David Bourget (Western Ontario)
David Chalmers (ANU, NYU)
Rafael De Clercq
Ezio Di Nucci
Jonathan Jenkins Ichikawa
Jack Alan Reynolds
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Medicine, Health Care and Philosophy 4 (2):127-138 (2001)
In order to protect patients against medical paternalism, patients have been granted the right to respect of their autonomy. This right is operationalized first and foremost through the phenomenon of informed consent. If the patient withholds consent, medical treatment, including life-saving treatment, may not be provided. However, there is one proviso: The patient must be competent to realize his autonomy and reach a decision about his own care that reflects that autonomy. Since one of the most important patient rights hinges on the patient's competence, it is crucially important that patient decision making incompetence is clearly defined and can be diagnosed with the greatest possible degree of sensitivity and, even more important, specificity. Unfortunately, the reality is quite different. There is little consensus in the scientific literature and even less among clinicians and in the law as to what competence exactly means, let alone how it can be diagnosed reliably. And yet, patients are deemed incompetent on a daily basis, losing the right to respect of their autonomy. In this article, we set out to fill that hiatus by beginning at the very beginning, the literal meaning of the term competence. We suggest a generic definition of competence and derive four necessary conditions of competence. We then transpose this definition to the health care context and discuss patient decision making competence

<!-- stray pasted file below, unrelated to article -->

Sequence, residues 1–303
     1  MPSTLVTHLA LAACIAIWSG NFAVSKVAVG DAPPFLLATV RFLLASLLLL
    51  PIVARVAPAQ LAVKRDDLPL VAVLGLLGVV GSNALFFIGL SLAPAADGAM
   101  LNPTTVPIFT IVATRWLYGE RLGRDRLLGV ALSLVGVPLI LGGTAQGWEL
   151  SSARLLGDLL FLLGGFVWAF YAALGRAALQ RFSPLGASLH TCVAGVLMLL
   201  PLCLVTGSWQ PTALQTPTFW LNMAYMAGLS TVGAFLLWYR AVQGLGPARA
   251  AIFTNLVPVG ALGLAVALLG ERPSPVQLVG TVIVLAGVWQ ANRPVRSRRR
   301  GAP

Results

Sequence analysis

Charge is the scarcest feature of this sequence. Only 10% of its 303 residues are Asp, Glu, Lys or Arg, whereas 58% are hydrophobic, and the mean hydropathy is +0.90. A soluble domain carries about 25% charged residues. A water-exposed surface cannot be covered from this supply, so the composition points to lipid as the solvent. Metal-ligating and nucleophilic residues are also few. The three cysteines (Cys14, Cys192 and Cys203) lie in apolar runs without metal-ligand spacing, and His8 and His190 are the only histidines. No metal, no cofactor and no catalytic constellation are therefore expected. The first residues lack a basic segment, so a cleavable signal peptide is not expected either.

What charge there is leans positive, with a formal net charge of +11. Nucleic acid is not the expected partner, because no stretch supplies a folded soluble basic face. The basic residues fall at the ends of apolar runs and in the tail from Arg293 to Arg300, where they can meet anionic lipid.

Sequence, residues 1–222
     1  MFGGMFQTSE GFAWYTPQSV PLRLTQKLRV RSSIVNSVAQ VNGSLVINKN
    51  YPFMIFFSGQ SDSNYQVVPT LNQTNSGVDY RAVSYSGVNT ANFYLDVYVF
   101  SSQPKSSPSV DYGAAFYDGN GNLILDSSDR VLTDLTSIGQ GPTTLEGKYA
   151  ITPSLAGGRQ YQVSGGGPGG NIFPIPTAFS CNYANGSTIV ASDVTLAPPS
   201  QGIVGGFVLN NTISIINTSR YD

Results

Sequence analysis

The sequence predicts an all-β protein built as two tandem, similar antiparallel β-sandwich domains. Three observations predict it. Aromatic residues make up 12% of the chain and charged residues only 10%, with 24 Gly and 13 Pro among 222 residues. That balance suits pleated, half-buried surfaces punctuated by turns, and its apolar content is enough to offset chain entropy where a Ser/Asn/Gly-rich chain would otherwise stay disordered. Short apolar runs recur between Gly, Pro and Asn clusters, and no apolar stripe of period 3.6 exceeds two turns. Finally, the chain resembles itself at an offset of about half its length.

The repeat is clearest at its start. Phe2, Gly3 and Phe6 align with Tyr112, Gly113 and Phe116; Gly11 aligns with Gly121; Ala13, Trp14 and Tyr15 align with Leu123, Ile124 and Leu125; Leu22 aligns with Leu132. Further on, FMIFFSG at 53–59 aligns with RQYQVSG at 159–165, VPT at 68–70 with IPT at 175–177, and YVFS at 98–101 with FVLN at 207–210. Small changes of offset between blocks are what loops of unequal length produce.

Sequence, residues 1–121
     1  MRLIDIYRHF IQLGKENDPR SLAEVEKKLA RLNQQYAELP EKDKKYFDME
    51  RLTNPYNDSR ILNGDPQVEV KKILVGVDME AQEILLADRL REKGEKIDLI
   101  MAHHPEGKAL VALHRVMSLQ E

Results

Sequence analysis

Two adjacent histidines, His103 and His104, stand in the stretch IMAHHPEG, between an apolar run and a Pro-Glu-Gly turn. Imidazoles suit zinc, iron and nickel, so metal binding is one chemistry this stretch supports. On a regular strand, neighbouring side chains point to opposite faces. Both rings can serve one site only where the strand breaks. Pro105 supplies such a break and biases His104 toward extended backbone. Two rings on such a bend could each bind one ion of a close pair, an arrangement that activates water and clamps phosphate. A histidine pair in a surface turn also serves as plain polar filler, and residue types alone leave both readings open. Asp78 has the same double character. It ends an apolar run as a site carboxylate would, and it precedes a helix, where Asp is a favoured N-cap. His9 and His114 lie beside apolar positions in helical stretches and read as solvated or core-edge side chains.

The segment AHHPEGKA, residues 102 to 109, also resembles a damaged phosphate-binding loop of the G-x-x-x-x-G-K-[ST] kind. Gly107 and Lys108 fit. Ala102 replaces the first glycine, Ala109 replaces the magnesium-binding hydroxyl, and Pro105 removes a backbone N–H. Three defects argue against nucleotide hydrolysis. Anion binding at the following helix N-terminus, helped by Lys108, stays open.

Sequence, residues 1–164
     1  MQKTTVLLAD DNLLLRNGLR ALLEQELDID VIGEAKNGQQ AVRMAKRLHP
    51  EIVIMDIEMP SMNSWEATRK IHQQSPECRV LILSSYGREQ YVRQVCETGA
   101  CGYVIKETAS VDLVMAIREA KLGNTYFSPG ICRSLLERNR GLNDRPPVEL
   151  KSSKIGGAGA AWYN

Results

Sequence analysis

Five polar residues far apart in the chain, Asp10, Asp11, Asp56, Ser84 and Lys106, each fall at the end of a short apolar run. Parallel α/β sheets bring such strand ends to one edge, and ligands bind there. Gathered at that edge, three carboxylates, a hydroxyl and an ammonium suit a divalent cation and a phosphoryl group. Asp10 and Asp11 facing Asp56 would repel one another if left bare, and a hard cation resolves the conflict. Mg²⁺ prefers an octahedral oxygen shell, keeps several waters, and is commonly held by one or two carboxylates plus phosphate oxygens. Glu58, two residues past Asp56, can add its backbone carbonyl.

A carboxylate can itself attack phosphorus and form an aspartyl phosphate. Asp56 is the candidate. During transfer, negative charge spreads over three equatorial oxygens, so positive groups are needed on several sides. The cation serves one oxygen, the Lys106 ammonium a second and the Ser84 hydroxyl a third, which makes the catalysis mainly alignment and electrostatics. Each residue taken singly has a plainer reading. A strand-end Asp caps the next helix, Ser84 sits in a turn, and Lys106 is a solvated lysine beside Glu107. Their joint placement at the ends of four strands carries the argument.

|Keywords||autonomy competence decision making incompetence patient rights|
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Citations of this work BETA
Torsten Marcus Breden & Jochen Vollmann (2004). The Cognitive Based Approach of Capacity Assessment in Psychiatry: A Philosophical Critique of the MacCAT-T. [REVIEW] Health Care Analysis 12 (4):273-283.
Gerben Meynen (2009). Exploring the Similarities and Differences Between Medical Assessments of Competence and Criminal Responsibility. Medicine, Health Care and Philosophy 12 (4):443-451.
Fabrice Jotterand, Shawn M. McClintock, Archie A. Alexander & Mustafa M. Husain (2010). Ethics and Informed Consent of Vagus Nerve Stimulation (VNS) for Patients with Treatment-Resistant Depression (TRD). Neuroethics 3 (1):13-22.
Gerben Meynen (2010). Free Will and Psychiatric Assessments of Criminal Responsibility: A Parallel with Informed Consent. [REVIEW] Medicine, Health Care and Philosophy 13 (4):313-320.
Philip Bielby (2005). The Conflation of Competence and Capacity in English Medical Law: A Philosophical Critique. [REVIEW] Medicine, Health Care and Philosophy 8 (3):357-369.
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